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Friday, April 1, 2011

1/20 at the Guadalajara Film Festival (photos!)

This week was the Guadalajara International Film Festival, and 1/20, the film I wrote, was an official entrant. Guadalajara is basically the Sundance of Latin America. It's a clearinghouse for everything artistic, political, and a combination of the two, which 1/20 ended up being. Gerardo, the director, is from Mexico, and this was his triumphant return, riding into town on the back of a donkey and all that.

They assailed me with stories of champion drinking and famous-people elbow-rubbing and guerrilla advertising. I started complaining that they left me behind. They reminded me that they had lots of important business meetings, too, which I would have either been too scared to walk into in the first place or vomited with nervousness as soon as they began. "This is why you write the stories," they said. So I settled into my bed and felt better about myself.

Yeah, guerrilla advertising. There were 2,000 films showing in Guadalajara, and exactly one film hung any sort of posters. Sometimes they were minimalist and subtle:

And sometimes they were not.

I think my mind is officially blown, just thinking of my name in another language hanging on a poster on a wall in another country. Once, an anthology I was in got translated into Turkish, and it was so cool, seeing a few words I recognized ("challah," for one) interspersed with entire sentences that I didn't recognize at all, but that I wrote. At least this time, they didn't have to translate the title.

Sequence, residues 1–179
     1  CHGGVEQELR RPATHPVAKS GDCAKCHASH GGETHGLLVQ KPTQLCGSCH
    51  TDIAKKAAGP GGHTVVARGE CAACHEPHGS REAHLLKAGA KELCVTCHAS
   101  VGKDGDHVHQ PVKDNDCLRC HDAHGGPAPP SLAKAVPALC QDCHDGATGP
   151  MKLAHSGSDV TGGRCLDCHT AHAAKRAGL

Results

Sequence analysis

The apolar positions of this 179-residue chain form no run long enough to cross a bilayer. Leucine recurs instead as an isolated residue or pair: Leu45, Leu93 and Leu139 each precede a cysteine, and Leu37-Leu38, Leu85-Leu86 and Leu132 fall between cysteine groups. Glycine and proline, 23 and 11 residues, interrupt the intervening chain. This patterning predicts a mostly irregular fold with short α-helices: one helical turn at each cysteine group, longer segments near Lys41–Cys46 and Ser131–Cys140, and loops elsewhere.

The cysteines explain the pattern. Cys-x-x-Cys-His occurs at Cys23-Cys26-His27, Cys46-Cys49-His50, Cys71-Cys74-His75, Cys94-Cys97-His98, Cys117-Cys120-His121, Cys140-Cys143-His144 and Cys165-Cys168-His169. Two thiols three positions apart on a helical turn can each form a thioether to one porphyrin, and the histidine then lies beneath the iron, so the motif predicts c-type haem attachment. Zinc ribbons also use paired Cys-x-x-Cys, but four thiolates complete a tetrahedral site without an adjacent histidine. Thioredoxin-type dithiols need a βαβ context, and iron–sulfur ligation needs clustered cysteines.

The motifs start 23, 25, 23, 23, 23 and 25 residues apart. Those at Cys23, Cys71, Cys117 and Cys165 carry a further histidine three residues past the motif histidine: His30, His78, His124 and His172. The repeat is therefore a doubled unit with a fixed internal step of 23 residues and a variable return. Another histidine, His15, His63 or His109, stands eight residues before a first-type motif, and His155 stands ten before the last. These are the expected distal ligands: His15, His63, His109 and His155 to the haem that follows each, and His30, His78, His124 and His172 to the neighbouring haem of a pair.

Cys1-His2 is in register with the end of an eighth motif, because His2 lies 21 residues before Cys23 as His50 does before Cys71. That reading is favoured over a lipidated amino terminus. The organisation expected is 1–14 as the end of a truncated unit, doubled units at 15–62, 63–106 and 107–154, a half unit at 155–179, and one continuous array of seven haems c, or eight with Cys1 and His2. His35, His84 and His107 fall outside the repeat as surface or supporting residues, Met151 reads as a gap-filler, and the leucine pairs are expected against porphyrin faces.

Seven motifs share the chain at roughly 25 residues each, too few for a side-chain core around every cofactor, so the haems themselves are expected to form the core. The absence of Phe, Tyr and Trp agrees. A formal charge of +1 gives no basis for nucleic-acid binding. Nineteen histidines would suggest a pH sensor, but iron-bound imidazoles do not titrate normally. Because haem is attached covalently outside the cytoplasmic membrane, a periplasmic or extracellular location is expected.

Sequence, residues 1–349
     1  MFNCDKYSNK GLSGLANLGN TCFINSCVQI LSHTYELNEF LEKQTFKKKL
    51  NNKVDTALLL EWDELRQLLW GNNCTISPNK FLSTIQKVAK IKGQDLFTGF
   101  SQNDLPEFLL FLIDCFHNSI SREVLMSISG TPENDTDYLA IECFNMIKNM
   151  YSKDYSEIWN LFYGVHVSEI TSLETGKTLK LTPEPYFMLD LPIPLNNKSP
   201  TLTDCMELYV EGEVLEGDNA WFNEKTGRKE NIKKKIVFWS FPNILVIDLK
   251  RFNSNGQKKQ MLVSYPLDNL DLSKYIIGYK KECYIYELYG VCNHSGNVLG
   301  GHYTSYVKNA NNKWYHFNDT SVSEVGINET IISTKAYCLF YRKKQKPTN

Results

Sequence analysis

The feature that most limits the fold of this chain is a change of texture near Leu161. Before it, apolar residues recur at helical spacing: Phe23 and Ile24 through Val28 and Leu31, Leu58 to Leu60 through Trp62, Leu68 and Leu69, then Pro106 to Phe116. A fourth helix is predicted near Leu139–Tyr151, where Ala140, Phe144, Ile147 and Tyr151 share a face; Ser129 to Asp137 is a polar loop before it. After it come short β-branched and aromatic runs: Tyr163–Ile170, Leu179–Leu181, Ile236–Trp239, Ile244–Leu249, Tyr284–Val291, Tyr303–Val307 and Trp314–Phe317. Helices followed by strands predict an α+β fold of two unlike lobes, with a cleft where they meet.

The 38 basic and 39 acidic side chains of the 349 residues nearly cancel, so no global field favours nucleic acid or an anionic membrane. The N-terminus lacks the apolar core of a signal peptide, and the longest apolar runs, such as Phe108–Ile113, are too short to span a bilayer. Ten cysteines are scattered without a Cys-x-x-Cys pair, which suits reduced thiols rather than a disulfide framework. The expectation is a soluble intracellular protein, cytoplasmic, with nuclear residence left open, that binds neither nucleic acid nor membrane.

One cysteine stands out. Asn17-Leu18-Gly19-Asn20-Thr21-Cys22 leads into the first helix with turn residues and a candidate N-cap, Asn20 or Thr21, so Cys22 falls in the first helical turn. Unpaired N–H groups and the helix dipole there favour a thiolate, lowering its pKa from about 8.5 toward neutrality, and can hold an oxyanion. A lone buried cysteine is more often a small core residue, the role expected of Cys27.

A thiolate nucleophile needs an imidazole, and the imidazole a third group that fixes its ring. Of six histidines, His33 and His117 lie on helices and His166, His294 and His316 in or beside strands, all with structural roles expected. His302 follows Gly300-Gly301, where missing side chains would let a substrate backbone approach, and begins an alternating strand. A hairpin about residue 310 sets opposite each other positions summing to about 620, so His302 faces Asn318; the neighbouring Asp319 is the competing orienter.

Here's Berwin, the producer, with Damián Alcázar, who's one of Mexico's most famous actors. I don't recognize him, mainly because I basically don't know any actors who weren't on an episode of Doctor Who (ask my coworkers if you don't believe me), but he's in The Chronicles of Narnia and some Gabriel Garcia Marquez film adaptations, which is sort of the dictionary definition of awesome.

And here is an award of some sort, I think.

Or maybe it's a statue? At least there isn't food on the tables behind. Then I'd really be jealous.

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